New Carl Hayden Visitor Center tells bigger picture

© 2017-Lake Powell Chronicle

Expands ways visitors can learn

The Carl Hayden Visitor Center held its grand reopening ceremony last week, marking an event that’s been 10 years in the making.
During the visitor center’s long history, it has had several temporary interpretive displays but this is the first time the displays have been fully replaced since the visitor center opened in 1968. The new visitor center features more interactive and tactile displays designed to give visitors a more engaging and broader educational experience.  
“We think the exhibits will inspire and educate a lot of people in the coming years,” said Christiana Admiral, chief of interpretation at Glen Canyon National Recreation Area.
The old visitor center focused more on the dam itself, how it was constructed and its functions regarding water storage and electrical production. That story is still told at the new visitor center but it’s now just one part of the its larger narrative.
The new visitor center features displays about the Colorado Plateau’s geology, including its formation and subsequent erosion, it’s flora and fauna, which highlights some of the area’s most famous species, and examines its ongoing conservation efforts of its native plants and animals, such as condors and humpback chubs, and efforts to prevent and eradicate invasive species such as tamarisk trees and quagga mussels.
The new displays are arrayed in the visitor center’s east wing with its stunning views directly overlooking Glen Canyon and the Glen Canyon dam. The displays are arranged in two concentric circles.
As tourists continue around the circle, they’ll also find displays about the area’s early pioneers and explorers including John Wesley Powell and other early river runners to Mormon settlers.
Just past this display, visitors will find a kiosk that tells the story of seven Native American tribes that have connections to the region.
The most popular display demonstrates how the dam’s hydro-electric turbines create electricity. The display includes a wheel that people can turn, which works on the same principal of falling water turning the plant’s turbines. The energy people generate from spinning the wheel causes the kiosk to light up.
The Glen Canyon Natural History Association gives tours of the dam and provides the tour guides to do so.
Amanda Boston, program coordinator for the Glen Canyon Natural History Association, said she’s impressed with the visitor center’s more well-rounded message, and the way it tackles some of the region’s complex and controversial issues.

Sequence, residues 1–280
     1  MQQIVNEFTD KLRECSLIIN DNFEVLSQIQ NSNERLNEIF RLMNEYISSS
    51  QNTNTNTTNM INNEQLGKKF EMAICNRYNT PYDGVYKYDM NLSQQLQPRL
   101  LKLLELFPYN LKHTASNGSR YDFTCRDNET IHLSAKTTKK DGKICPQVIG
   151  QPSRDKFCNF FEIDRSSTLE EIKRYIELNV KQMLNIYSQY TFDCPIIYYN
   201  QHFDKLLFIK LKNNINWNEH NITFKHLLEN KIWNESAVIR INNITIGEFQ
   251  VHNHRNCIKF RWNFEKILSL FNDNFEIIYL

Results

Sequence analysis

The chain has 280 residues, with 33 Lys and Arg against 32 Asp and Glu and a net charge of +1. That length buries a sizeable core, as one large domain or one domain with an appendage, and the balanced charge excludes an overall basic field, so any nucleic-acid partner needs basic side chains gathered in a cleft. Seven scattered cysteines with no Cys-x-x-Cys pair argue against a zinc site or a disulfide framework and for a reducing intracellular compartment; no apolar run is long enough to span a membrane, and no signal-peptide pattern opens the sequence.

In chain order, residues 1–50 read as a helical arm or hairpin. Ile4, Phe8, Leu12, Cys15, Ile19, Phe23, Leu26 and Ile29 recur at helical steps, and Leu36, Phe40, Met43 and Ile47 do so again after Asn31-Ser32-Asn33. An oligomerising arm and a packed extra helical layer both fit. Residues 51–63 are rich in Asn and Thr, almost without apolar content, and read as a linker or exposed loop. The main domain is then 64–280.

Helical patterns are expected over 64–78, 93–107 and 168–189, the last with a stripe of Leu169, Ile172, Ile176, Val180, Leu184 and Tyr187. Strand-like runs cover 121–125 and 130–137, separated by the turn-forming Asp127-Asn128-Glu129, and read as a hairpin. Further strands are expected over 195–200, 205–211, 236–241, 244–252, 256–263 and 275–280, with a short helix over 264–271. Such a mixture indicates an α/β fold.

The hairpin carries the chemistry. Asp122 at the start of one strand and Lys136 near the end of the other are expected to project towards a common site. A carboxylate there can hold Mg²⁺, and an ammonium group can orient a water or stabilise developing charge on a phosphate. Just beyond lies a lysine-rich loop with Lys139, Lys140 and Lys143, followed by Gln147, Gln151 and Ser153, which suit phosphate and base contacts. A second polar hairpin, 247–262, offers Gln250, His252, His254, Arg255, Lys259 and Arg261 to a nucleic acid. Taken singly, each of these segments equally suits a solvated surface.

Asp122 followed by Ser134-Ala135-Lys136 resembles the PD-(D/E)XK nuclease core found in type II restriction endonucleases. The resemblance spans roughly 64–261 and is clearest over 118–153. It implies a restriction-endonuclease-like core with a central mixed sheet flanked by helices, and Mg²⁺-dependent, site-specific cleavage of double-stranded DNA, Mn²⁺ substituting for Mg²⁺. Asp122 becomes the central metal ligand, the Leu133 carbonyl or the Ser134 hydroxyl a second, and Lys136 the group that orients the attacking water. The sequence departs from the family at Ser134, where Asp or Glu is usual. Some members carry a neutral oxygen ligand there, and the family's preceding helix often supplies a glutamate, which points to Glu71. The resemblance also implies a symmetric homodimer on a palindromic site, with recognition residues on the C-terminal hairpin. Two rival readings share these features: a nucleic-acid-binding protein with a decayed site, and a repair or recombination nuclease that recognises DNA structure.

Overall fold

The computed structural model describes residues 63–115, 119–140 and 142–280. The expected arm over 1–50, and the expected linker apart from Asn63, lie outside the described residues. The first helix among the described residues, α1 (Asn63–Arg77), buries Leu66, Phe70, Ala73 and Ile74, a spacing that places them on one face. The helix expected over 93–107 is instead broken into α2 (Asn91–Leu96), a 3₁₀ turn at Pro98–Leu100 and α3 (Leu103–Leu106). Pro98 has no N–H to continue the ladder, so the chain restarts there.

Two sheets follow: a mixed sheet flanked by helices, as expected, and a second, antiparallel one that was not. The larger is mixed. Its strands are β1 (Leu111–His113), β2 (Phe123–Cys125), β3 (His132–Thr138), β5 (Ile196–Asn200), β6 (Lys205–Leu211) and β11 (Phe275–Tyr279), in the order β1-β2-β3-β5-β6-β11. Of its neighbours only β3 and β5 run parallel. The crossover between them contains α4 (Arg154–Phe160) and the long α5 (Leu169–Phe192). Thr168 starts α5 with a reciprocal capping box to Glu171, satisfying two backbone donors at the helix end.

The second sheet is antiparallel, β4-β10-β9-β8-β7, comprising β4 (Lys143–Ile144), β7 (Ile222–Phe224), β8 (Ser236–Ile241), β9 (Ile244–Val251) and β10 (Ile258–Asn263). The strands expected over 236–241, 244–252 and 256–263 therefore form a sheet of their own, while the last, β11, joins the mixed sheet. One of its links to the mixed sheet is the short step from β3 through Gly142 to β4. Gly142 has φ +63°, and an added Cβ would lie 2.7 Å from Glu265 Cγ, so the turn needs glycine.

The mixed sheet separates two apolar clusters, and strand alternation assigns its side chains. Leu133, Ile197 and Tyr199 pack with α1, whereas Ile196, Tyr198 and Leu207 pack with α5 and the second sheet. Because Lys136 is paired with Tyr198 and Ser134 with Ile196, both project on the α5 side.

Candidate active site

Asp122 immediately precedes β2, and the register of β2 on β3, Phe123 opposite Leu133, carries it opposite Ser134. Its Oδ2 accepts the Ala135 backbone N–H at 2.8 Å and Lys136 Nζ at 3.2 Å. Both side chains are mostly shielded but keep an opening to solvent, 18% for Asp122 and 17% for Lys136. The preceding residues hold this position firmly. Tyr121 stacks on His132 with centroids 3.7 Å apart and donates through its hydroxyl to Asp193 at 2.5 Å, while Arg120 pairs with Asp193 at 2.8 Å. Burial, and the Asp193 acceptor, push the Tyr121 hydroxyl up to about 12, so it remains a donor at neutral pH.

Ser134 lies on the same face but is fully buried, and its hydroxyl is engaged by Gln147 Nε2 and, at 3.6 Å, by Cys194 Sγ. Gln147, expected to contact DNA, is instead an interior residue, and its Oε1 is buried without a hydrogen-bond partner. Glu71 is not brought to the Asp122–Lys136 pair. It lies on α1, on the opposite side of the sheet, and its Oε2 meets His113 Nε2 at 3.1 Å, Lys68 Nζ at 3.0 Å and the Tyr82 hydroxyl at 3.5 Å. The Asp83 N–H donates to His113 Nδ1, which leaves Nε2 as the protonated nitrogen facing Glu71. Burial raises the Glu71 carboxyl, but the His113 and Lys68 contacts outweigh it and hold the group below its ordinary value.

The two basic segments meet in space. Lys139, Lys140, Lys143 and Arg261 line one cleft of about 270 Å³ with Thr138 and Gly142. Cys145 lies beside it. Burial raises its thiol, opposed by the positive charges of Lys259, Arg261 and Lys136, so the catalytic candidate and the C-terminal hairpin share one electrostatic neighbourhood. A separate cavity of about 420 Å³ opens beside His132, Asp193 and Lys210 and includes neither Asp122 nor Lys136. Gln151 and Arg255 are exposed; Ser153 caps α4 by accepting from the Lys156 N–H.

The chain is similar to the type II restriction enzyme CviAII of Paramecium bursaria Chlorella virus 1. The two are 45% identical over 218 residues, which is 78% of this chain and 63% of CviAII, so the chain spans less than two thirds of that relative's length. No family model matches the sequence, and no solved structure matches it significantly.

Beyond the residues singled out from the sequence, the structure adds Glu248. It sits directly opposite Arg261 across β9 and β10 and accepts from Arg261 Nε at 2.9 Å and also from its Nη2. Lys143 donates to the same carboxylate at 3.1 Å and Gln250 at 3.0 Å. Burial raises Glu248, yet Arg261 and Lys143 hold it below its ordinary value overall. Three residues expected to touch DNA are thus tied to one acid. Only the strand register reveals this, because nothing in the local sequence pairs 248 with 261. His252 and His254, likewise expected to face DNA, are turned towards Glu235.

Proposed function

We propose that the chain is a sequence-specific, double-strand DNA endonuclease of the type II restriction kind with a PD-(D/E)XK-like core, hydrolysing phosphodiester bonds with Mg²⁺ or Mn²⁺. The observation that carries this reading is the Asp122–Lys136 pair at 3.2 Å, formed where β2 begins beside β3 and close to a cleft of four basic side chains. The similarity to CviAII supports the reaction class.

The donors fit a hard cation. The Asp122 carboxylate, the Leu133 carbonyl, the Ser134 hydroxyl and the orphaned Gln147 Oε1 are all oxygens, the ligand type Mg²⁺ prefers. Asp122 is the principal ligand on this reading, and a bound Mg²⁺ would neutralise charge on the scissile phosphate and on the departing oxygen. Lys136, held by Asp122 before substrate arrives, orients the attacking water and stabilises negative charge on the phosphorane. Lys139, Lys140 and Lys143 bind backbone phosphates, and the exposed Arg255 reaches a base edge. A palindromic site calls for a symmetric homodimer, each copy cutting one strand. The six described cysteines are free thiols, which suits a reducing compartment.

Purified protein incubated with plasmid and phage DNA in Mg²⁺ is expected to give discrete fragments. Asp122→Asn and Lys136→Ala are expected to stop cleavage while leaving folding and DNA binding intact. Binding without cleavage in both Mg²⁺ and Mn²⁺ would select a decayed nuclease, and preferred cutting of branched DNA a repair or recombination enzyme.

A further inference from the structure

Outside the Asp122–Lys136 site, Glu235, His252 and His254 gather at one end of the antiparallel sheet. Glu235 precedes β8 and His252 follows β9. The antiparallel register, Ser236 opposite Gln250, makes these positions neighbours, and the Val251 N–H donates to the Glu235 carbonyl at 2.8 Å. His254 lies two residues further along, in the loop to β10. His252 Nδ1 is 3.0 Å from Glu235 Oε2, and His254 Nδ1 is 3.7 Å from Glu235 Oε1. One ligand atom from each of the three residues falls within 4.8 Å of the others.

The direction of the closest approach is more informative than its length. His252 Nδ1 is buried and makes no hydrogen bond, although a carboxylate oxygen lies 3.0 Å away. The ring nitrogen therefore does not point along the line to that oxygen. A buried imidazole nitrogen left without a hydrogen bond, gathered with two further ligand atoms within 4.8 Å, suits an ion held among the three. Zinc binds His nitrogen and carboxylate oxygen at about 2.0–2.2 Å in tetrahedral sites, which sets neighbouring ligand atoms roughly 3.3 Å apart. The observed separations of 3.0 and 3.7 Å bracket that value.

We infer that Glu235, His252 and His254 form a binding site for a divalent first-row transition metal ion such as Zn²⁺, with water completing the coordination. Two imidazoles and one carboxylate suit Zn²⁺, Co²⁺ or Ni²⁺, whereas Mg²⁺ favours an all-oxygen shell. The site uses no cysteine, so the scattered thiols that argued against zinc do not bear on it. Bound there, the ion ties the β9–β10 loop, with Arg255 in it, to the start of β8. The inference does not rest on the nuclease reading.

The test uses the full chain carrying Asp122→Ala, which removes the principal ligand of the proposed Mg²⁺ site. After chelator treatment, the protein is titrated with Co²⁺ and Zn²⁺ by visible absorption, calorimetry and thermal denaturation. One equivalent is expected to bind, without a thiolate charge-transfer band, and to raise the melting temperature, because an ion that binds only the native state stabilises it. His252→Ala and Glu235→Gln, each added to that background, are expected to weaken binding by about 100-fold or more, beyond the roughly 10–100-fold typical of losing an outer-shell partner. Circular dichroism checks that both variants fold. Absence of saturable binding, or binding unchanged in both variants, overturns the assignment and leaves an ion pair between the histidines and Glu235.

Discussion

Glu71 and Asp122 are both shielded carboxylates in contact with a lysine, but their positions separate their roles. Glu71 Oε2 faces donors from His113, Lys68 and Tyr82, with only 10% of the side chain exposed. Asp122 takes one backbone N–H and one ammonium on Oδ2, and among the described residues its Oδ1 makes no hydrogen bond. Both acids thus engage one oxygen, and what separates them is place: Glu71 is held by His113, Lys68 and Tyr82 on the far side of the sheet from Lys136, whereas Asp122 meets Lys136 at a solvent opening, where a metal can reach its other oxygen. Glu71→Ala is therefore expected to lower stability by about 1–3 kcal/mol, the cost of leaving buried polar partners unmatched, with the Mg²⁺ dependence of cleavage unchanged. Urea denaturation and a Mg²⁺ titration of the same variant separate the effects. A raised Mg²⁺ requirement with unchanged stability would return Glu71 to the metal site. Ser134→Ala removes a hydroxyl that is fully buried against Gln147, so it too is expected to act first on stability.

“Tourists visting the area have a lot of questions about water storage and usage,” she said, “and a lot of them express an interest in restoring the Colorado River to its former undammed, wild state.
“Wild and scenic rivers are an important part of the American identity, but with a growing population, we also need water storage. I think the displays and our tour guides do a great job telling both of those stories. If you don’t address those issues here, where will you tell them?”
The visitor center upgrade was a collaboration between the National Park Service and the U.S. Bureau of Reclamation.
“Both agencies have a different mission and it was fun to bring them together and meld their stories,” said Admiral.
No taxpayer money was spent on the upgrade. Half the money came from entrance fees, the other half from the Western Area Power Administration (WAPA).
The process of upgrading the visitor center began 10 years ago, said Admiral.
Anyone familiar with federal bureaucracy knows such decisions  and their implementation have numerous layers and filters which involve gathering public input, focus groups, finding funding, and putting out bids for contractors.
But once all that was in place demolishing the old displays and installing the new ones moved pretty quickly.
Demolition of the old displays began last November, after which work on the new displays began.
During last week’s grand reopening ceremony, Marlon Duke, public affairs officer for the Upper Colorado Region of the U.S. Bureau of Reclamation gave the welcome address.
This was followed by the Page High School Band playing the national anthem.
William Shott, superintendant for Glen Canyon NRA, Jason Tucker, Field Division Manager for Glen Canyon Dam, Rick Frost, associate regional director of communication for the National Park Service also spoke.
The keynote speaker was David Murillo, acting commissioner, U.S. Bureau or Reclamation.
Louise Tallman, a leader from the San Juan Southern Paiute, gave a blessing over the day.
The Carl Hayden Visitor Center is visited by more than 600,000 people per year.

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